You remember the pottery scene, the strains of “Unchained Melody,” the subway chase. You remember Whoopi Goldberg housing Patrick Swayze’s spirit so he could communicate with Demi Moore. If you loved the 1990 movie Ghost and didn’t think it could be turned into a musical, you weren’t alone. No one was as skeptical as the film’s screenwriter Bruce Joel Rubin. But the show he wrote, Ghost: The Musical begins its run at the Pantages Theatre before moving to Costa Mesa’s Segerstrom Center for the Arts in late July.
The film starred Swayze and Moore as a couple who are separated when Swayze is murdered. After death, his “ghost” hangs around to protect her from harm, but he has to use a medium (Goldberg) to talk to her. The film grossed $580 million worldwide and earned Rubin an Academy Award.
For years Rubin had been pitched the concept of creating a musical based on the movie. He resisted until one longer-than-expected meeting and a missed train led to an almost mystical vision. “Somewhere in the middle of that,” says Rubin during a conversation in the Pantages Theatre, “I had an image of what a production of the show could look like. I called it ‘the gray zone,’ as opposed to the Technicolor vision of the movie. There are other worlds in Ghost that could be musicalized and sung; they would deepen our understanding of [the characters] and give us another emotional approach to the story. It felt like something I’d like to see.”
“I watched Billy Elliot, which I enjoyed as a movie and loved as a musical. I thought they had a lot of room to reshape the story. I looked at my own show and realized it’s so heavily plotted that I didn’t have room to tell a different story. I guess we could have told Oda Mae’s story. Or the version they wanted to do after the film opened where he comes back, she’s pregnant, and he has a daughter. But I don’t think the audience is going to want to see that. I think there’s something about the original idea, the ‘one last moment with somebody you haven’t been able to complete,’ that is so precious to people.”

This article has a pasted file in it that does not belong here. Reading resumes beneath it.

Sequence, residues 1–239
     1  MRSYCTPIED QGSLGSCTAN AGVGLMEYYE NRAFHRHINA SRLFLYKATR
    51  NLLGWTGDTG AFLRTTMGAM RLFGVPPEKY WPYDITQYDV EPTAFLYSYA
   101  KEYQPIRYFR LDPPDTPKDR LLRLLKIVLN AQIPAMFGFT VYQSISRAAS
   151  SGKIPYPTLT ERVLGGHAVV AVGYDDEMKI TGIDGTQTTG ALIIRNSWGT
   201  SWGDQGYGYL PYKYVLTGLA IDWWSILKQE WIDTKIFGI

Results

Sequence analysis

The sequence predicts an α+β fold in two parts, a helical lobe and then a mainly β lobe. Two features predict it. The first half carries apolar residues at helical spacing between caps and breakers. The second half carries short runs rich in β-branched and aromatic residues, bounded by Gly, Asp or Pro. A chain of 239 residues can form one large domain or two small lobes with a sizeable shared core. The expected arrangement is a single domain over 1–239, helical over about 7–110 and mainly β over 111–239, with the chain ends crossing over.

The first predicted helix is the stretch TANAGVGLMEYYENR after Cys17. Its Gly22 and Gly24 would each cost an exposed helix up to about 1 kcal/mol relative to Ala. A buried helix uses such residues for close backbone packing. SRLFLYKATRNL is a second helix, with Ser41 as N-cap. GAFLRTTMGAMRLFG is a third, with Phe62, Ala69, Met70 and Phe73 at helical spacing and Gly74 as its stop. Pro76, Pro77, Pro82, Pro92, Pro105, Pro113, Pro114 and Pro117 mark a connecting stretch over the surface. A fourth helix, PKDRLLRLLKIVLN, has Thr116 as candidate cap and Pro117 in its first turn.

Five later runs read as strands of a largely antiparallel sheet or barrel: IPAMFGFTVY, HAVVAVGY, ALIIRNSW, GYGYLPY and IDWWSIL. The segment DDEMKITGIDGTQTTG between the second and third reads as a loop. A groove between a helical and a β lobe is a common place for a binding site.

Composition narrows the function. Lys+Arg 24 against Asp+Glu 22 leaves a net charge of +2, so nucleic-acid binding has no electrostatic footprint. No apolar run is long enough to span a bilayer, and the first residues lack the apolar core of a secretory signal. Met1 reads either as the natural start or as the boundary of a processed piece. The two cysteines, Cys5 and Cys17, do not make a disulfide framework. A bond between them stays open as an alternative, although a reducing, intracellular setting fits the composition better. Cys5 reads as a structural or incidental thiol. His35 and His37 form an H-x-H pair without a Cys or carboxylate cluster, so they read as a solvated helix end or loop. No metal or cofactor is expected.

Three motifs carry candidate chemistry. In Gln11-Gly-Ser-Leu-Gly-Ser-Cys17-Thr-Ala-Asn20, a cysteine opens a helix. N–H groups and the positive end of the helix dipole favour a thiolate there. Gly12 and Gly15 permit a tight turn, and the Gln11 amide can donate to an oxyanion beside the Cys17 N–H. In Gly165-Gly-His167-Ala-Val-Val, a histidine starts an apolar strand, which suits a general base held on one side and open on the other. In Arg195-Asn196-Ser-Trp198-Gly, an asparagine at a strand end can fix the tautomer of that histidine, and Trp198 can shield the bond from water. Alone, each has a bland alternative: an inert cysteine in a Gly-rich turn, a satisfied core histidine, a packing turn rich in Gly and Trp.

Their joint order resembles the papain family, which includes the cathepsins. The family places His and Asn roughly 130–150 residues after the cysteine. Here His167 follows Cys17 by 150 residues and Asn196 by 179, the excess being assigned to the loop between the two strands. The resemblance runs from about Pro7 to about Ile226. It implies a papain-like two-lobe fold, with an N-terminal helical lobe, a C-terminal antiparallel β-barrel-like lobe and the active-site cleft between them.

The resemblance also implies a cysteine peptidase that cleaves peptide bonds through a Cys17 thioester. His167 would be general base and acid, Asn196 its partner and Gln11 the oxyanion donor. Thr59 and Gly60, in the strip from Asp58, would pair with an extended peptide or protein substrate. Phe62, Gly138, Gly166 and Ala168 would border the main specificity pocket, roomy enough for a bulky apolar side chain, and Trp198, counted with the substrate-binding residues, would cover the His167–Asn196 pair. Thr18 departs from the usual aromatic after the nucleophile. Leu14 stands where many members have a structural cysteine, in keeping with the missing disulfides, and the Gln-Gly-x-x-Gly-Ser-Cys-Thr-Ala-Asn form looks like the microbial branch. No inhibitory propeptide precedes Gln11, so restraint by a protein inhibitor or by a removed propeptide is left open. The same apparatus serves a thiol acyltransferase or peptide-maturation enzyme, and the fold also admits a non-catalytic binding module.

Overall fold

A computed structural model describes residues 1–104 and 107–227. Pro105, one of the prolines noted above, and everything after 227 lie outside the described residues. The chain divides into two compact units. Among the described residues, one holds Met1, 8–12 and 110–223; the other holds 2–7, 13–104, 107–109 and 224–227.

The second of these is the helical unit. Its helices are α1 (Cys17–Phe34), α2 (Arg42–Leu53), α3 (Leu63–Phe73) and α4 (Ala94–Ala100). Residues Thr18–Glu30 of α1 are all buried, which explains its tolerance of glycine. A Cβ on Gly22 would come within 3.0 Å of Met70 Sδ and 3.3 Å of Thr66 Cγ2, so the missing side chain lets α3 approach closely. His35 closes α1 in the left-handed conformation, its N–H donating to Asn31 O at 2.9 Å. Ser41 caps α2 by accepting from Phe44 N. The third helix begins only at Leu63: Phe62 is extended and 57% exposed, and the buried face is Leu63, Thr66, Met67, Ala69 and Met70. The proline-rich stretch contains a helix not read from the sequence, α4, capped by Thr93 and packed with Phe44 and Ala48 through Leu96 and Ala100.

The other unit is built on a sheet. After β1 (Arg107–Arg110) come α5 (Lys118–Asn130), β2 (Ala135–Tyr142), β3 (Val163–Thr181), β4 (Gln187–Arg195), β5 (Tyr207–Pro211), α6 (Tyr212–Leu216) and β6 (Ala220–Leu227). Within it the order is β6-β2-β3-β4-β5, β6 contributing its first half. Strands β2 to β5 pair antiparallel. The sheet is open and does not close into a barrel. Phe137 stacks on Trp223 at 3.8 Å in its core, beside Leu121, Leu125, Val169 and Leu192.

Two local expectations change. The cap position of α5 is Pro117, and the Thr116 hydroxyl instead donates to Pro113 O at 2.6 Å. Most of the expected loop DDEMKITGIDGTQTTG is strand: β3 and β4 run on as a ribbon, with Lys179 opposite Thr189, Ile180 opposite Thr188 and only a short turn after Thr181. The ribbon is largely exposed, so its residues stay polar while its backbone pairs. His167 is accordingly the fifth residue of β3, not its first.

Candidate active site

After deciding to move forward, the road was anything but smooth. “My first version of the show probably ran 3-1/2 hours,” Rubin says. After things didn’t work out with an initial composing team, he started writing songs himself. “I said I could write songs as good as their initial lyrics looked to me. So I sat down and wrote 20 songs having never ever written a song. And they’re not bad. Some of them were even kind of good, but I’m not a songwriter. When we finally got Dave [Stewart] and Glen [Ballard] to do the music they looked at my lyrics and said ‘We can do this.'” Ultimately Stewart & Ballard wrote all the songs though Rubin admits, “I have what would be my private album of my songs which I love beyond belief.”
Though it had a successful run in England, Ghost didn’t fare well in New York. The show closed after 39 previews and 136 performances. Among the reasons Rubin believes the show failed in New York is that “everybody has a real need to capitalize on their best or most popular works.” Is he doing the same thing by creating a musical from his biggest success? “That’s a very good question. I didn’t do it for that reason. In the end it was for me: I got to play in the theater. I was a kid from Detroit. I used to usher at the Shubert Theatre. My early dreams were not movies. My early dreams were this,” he says, pointing to the theater in which we’re sitting.
With the ups and downs of this project, is Rubin ready for another major show? “I don’t think I’m doing further work in film or theater,” he says. “I’ve been asked to do another musical; I don’t know whether I’ll do it. I’m writing two TV shows; whether they go forward, I don’t know. The only thing I’ve learned from this show is there’s an inexhaustible joy in making people happy.”